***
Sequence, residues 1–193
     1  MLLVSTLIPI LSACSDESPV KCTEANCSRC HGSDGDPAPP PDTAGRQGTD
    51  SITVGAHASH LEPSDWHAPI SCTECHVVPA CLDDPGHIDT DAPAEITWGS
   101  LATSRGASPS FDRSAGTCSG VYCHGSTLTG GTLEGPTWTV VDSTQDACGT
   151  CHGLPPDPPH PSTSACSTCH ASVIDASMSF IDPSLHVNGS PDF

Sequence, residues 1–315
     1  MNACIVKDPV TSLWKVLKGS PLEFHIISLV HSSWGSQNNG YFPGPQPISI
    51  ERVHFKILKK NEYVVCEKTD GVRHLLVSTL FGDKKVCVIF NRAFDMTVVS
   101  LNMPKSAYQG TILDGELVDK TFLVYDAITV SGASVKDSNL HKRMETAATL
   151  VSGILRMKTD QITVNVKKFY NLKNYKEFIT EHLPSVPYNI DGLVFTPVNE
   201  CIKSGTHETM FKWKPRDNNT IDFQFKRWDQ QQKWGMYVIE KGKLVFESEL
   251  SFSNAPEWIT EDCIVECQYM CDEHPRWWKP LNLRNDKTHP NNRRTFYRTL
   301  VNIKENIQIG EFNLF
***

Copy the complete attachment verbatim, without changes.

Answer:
Sequence, residues 1–193
     1  MLLVSTLIPI LSACSDESPV KCTEANCSRC HGSDGDPAPP PDTAGRQGTD
    51  SITVGAHASH LEPSDWHAPI SCTECHVVPA CLDDPGHIDT DAPAEITWGS
   101  LATSRGASPS FDRSAGTCSG VYCHGSTLTG GTLEGPTWTV VDSTQDACGT
   151  CHGLPPDPPH PSTSACSTCH ASVIDASMSF IDPSLHVNGS PDF

Sequence, residues 1–315
     1  MNACIVKDPV TSLWKVLKGS PLEFHIISLV HSSWGSQNNG YFPGPQPISI
    51  ERVHFKILKK NEYVVCEKTD GVRHLLVSTL FGDKKVCVIF NRAFDMTVVS
   101  LNMPKSAYQG TILDGELVDK TFLVYDAITV SGASVKDSNL HKRMETAATL
   151  VSGILRMKTD QITVNVKKFY NLKNYKEFIT EHLPSVPYNI DGLVFTPVNE
   201  CIKSGTHETM FKWKPRDNNT IDFQFKRWDQ QQKWGMYVIE KGKLVFESEL
   251  SFSNAPEWIT EDCIVECQYM CDEHPRWWKP LNLRNDKTHP NNRRTFYRTL
   301  VNIKENIQIG EFNLF